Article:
The Mysterious Dog Suicide Bridge

Do you believe in ghosts, haunted places or paranormal activity?

Do you think dogs feel or perceive something we can’t see but its lurking around? Are dogs capable of committing suicide? This story is part a dog behaviourist’s and part a ghost hunter’s case.


In West Dunbartonshire, Scotland, near the town of Dumbarton, there is a mansion that is believed to be haunted, the Overtoun House.

However, it is not the mansion at the center of mysterious dog suicide cases, it’s the Overtoun Bridge.

Overtoun Bridge

Overtoun Bridge by Allan Ogg – Allan Ogg, CC BY-SA 3.0, https://en.wikipedia.org/w/index.php?curid=27596376

From this bridge leading to the mansion, in 50 years at least 50 dogs have leapt to their death falling down its 50 ft (15M approx.) height on the rocky bed below.

All dogs that jumped had something in common. They all jumped from the same side of the bridge and all dogs were of a long nose type.

It is believed that the ghost of dowager Lady Overtoun is behind all these mysterious occurrences.

Lady Overtoun was married to John White, 1st Baron Overtoun. After his death in 1908, it is said that his wife wondered the bridge griefing her husband. And it is believed she still wonders around the area and is behind these strange dog accident.

Some visitor said to have experienced a strange feeling while crossing the bridge. By the way, the bridge didn’t claim the life of dogs only.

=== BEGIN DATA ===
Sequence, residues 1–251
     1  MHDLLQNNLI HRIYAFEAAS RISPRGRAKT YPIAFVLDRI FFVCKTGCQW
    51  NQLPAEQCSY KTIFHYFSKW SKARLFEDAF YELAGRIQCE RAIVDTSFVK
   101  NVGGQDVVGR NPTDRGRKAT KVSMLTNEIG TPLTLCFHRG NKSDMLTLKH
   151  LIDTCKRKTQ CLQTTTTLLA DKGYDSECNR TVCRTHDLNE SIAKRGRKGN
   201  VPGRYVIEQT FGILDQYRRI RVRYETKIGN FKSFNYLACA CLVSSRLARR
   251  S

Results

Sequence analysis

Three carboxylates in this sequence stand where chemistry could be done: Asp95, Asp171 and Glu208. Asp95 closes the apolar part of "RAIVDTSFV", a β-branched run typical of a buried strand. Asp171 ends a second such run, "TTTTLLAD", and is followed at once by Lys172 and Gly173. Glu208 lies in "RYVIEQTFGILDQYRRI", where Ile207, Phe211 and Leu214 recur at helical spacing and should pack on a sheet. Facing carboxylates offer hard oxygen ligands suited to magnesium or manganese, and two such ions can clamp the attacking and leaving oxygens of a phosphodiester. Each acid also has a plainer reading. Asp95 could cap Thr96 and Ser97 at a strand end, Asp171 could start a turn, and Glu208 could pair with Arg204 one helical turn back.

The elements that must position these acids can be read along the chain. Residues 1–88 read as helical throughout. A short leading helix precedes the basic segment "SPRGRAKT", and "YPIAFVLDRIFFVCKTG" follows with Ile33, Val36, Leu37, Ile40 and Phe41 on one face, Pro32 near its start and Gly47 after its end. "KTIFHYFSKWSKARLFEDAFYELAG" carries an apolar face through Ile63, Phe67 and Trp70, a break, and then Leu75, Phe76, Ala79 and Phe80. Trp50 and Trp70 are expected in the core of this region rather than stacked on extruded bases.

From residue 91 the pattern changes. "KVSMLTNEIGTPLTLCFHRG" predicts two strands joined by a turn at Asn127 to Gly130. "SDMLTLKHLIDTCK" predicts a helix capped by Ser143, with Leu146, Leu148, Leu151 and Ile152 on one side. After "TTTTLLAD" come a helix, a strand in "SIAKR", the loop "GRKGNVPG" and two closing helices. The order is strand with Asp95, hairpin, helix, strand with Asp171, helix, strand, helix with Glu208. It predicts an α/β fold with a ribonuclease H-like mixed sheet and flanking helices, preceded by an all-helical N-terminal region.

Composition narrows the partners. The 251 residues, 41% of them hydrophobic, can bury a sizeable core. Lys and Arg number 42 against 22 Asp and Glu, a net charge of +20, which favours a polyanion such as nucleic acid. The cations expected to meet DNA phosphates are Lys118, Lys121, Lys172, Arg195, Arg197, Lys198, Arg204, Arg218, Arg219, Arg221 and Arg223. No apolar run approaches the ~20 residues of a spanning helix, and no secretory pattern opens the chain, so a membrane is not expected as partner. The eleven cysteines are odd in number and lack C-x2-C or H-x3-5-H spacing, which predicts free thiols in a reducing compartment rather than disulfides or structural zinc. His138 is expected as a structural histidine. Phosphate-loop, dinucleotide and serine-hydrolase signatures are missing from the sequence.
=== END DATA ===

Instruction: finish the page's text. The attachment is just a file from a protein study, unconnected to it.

In 1994, Kevin Moy threw his baby son off the bridge to his death as Mr Moy thought the baby was the antichrist and needed to be killed. Or else, he would have spread a disease around the world. Moy attempted to jump from the bridge himself after throwing his baby but was stopped by his wife. He then made another suicide attempt by cutting his wrists. The man was arrested and sentenced to be detained in a psychiatric hospital.

I believe the Kevin Moy story has more to do with mental instability than a haunted bridge. But, some people believe that evil spirits lurking around made him do it.

However, after the 1994 tragedy, a series of events where dogs unexpectedly jumped off the bridge, started to take place. After examining these events, it has been discovered that dogs started jumping off the bridge since the 1950s. It was reported that nearly a dog a month leapt from the bridge but of course not all accidents were fatal. Anyway, some dogs that have jumped and survived have jumped again straight after and unfortunately the second jump revealed fatal.

So, what causes these dog accidents? An evil ghost? Are these dog owners so boring that their dogs would rather die than spend their life with them?

Due to all accidents involving dogs, the bridge gained the name of ‘The Dog Suicide Bridge’. But, are dogs capable of suicide?

In general, depression can ultimately lead to suicide. However, depression is generally caused by concern and anxiety about future events that have yet to happen, or that have happened and the subject can no longer cope with the pain that he or she is living with. And therefore, the individual reaches the conclusion that dying is better than living.